IT managers should consider the benefits of non-interoperable platforms, says AT&T’s Ed Amoroso.
Natural scientists have known for years that a diverse ecosystem is always more resilient than a monoculture to disease. High levels of biodiversity reduce the risk that a single disease could wipe out an ecosystem. Computer scientists, on the other hand, seem harder to convince regarding the benefits of diversity. For decades, computer science theory and information technology practice have focused on maximizing interoperability of technology in the name of standardized operations. Traditional management teams have praised programs that remove differences in enterprise systems, resulting in lower operational costs – but also less secure infrastructure.
The popular near-obsession with maintaining common, standard operating IT environments has made it easier for cyberattacks to spread across systems. Standardized operations are important for compliance and can minimize day-to-day maintenance, administration and training costs. For these cost-motivated reasons, diversity is generally not a prominent goal in most infrastructure settings. However, commonality inadvertently reduces the number of assumptions that must be made by an adversary in order to instigate an attack with maximum reach. Worms, for example, rely on the ability to identify common, reachable, interoperable systems on the network that will accept and execute a copy of the program.
Diversity introduces intentional and significant differences into technology systems. These differences can include vendor source, deployment approach, network connectivity, programming language and operating system. Deliberate non-interoperability reduces redundant vulnerabilities to prevent an attack from cascading from one component to another. Similar to the way diseases function in a biological environment, a problem originating in one area of an IT system will only spread in the presence of a common vulnerability. If system technologies are sufficiently diverse, then attack propagation can be reduced or even stopped.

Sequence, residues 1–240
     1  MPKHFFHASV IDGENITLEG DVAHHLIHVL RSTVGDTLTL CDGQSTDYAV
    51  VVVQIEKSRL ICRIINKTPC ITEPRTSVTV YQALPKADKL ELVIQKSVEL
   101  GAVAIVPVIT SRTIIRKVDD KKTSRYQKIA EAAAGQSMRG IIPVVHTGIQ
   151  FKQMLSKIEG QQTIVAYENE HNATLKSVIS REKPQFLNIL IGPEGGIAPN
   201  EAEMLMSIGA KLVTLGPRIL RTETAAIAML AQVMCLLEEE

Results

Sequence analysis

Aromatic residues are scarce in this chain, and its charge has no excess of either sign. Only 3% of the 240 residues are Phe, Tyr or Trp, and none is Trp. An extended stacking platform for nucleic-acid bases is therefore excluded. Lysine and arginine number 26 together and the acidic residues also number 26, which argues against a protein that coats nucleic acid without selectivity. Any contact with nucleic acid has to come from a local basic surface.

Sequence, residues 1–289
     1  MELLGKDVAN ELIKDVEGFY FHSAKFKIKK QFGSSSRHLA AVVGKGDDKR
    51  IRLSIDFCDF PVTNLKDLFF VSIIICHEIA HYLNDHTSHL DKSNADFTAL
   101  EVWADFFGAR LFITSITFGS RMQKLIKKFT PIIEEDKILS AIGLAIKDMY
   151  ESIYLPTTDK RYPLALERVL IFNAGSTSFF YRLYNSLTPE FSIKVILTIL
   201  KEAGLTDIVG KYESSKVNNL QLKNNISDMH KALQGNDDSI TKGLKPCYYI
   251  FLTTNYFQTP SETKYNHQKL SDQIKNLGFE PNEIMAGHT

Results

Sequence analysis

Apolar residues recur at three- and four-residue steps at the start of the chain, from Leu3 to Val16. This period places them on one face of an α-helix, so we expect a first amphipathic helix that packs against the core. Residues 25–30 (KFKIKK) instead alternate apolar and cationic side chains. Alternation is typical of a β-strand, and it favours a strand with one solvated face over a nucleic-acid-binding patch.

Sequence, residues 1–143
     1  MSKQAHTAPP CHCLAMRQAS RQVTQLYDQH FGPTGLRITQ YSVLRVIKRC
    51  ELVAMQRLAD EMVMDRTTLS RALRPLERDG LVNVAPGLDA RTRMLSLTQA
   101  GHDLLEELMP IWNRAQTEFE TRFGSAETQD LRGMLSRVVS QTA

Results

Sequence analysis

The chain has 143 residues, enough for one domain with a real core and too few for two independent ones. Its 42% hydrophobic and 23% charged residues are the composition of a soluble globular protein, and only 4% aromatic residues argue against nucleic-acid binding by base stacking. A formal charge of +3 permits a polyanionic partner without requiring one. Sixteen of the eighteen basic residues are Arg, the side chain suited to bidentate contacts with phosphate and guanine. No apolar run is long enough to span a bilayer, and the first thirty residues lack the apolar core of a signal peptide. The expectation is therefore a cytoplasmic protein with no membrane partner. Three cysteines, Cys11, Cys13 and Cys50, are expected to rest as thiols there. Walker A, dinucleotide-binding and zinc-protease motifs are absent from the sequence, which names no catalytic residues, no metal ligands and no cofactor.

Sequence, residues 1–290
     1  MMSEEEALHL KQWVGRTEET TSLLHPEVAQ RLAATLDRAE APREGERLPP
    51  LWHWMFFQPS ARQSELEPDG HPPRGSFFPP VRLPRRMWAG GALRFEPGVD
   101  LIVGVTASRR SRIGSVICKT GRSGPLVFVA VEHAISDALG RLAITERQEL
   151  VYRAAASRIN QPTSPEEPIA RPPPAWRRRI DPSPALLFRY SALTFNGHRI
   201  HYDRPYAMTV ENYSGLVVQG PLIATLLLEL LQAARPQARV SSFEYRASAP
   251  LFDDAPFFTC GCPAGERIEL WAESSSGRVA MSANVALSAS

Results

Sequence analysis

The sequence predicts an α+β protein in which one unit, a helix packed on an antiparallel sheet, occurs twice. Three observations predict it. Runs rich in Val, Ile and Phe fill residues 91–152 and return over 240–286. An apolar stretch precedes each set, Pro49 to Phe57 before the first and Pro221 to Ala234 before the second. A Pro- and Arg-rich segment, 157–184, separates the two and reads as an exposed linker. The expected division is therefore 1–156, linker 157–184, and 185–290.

Nevertheless, diversity is difficult to implement for several reasons. We must first acknowledge that the PC operating system landscape is largely driven by a single software vendor, so security initiatives must immediately accept an ecosystem lacking in diversity across one element of the enterprise. Mobile operating systems currently offer considerable diversity, but it is possible we will see a trend toward greater consolidation.
Diversity also conflicts with the typical organizational goal of simplifying supplier and vendor relationships, including improved terms often available from a vendor when buying in bulk. If an organization is committed to diversity, the argument goes, they could be forced to introduce a second vendor with a reduction in the level of service provided.
For IT managers, an inventory of infrastructure components should emphasize the degree of over-reliance on one technology or vendor. This inventory should include computing elements, software, network components and services. Where over-reliance on one technology or vendor might exist, IT managers should look closely at the specifics of each situation. If, for example, the performance of that single vendor or technology has been flawless, then such an arrangement might be fine. But if the performance has been marked by repeat software and security issues – especially exploitable vulnerabilities – then some diversity planning might be appropriate. This is best done as part of the standard procurement process. It requires some work, but the time spent is well worth the effort.
Ed Amoroso is SVP and CSO for AT&T Services. His fifth and latest book is Cyber Attacks: Protecting National Infrastructure (Butterworth-Heinemann).